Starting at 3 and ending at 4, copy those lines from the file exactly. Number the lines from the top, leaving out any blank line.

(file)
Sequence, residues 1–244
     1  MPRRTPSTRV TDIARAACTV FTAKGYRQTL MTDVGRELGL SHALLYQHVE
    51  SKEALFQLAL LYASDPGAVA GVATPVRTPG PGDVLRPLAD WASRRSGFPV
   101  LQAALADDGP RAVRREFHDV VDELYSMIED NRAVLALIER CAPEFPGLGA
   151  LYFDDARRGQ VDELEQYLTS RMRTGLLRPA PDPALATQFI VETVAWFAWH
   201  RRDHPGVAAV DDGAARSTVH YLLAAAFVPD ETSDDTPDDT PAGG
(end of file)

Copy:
    51  SKEALFQLAL LYASDPGAVA GVATPVRTPG PGDVLRPLAD WASRRSGFPV
   101  LQAALADDGP RAVRREFHDV VDELYSMIED NRAVLALIER CAPEFPGLGA